Led by the Green Alliance, the group proposes that resource efficiency should be the heart of the Government’s upcoming Industrial Strategy. This would entail a manufacturing upgrade programme backed by low-cost loans and a Government procurement policy which increases demand for high green standards of production.

According to a new report from the coalition, which includes the British Chamber of Commerce and the TUC, this could boost the manufacturing sector’s profits by £10bn, reduce emissions by 4.5% and support growth in regions which have relatively low overall productivity, such as the North and Midlands.

“The UK’s Industrial Strategy must help British businesses keep up if they are to retain their competitive advantage post-Brexit,” Green Alliance senior economist Angela Francis said. “There are huge economic opportunities here which could help to reinvent manufacturing in the North.”   

‘Welcome step’

The proposals come as the Office of Budgetary Responsibility (OBR) prepares to update its economic forecasts in November, which are set to reveal that productivity growth has been far worse than expected. And while around half of manufacturers’ costs are on resource inputs, the majority of manufacturers have reportedly only managed a 10-15% reduction in energy usage over the past decade.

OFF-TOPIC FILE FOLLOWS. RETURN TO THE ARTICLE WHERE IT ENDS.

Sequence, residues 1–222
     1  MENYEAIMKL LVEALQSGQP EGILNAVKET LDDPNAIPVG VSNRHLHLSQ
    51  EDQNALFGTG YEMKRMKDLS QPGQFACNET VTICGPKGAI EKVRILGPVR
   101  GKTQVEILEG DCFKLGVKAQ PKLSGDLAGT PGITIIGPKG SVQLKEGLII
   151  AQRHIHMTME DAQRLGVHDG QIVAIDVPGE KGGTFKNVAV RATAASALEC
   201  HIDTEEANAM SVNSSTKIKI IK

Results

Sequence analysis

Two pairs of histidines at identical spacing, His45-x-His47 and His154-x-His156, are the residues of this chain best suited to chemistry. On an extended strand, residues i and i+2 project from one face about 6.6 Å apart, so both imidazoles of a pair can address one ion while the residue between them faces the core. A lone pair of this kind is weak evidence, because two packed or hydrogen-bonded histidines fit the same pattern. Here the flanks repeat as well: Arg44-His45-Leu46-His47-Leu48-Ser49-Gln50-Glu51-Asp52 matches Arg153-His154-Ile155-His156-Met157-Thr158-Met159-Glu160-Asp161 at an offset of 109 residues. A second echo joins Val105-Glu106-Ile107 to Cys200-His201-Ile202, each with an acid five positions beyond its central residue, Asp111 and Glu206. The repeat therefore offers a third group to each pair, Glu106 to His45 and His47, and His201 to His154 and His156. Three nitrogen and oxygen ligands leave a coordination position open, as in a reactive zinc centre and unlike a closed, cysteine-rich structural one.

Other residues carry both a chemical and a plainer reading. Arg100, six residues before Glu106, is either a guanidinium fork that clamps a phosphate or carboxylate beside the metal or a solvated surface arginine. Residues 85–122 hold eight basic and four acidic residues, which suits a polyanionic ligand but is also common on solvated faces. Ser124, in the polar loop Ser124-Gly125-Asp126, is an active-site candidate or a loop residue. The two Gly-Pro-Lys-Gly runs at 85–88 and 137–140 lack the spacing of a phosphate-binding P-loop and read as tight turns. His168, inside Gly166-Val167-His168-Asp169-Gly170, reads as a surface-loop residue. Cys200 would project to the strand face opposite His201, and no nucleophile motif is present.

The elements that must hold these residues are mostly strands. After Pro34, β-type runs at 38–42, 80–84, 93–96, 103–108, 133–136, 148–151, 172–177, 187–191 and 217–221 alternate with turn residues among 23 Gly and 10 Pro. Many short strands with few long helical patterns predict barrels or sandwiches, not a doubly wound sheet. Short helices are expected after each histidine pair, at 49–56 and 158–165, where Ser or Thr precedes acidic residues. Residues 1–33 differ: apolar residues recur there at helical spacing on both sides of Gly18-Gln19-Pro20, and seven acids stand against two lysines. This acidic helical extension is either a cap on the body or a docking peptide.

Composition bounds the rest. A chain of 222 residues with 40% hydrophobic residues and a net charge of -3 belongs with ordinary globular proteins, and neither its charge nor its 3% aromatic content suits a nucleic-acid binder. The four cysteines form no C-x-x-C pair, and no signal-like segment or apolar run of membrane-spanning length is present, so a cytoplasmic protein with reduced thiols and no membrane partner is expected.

Manufacturers across the UK have told the British Chamber of Commerce that they are faced with rising input costs that threaten their competitivenes, according to the body’s director of research and economics Mike Spicer.

“As the most successful firms know, improving resource and energy efficiency is essential to meeting that challenge,” Spicer said. “A comprehensive upgrade programme for manufacturing, taken forward by the new Industrial Strategy and supported by Government would be a welcome step in the right direction.”

The report highlights a 24% increase in institutional investors asking and action on information about resource risks between 2003 and 2015. The study calls on the Government to provide manufacturers with a long-term view of these risks, and an understanding of the role of technology in improving efficiency, through the use of alternative materials, optimised processes and recovered materials.

TUC deputy general secretary Paul Nowak said: “Improving the energy and resource efficiency of British industry is not only a necessity, it’s a great opportunity. It will mean the kind of investment that creates great quality jobs, and closes regional gaps in productivity. And it will help keep British manufacturing competitive in the global economy, so it can be a source of great jobs in the future.”

Manufacturing insight 

The key sustainability drivers, challenges and opportunities facing UK manufacturers have been explored in a new industry-focused edie insight report. Case studies from the likes of BMW, Coca-Cola, AkzoNobel and Unilever are combined with exclusive commentary from organisations such as Adnams, Dell and The Climate Group in the 23-page report, which concludes with a look at some of the latest technologies and innovations which are shaping the manufacturing business models of the future.

George Ogleby

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